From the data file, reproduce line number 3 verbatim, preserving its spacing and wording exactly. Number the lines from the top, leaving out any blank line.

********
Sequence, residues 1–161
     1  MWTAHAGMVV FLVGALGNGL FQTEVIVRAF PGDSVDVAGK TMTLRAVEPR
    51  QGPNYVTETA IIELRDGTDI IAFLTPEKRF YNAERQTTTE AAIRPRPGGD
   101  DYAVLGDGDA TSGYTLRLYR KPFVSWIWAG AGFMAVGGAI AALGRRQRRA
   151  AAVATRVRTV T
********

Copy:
    51  QGPNYVTETA IIELRDGTDI IAFLTPEKRF YNAERQTTTE AAIRPRPGGD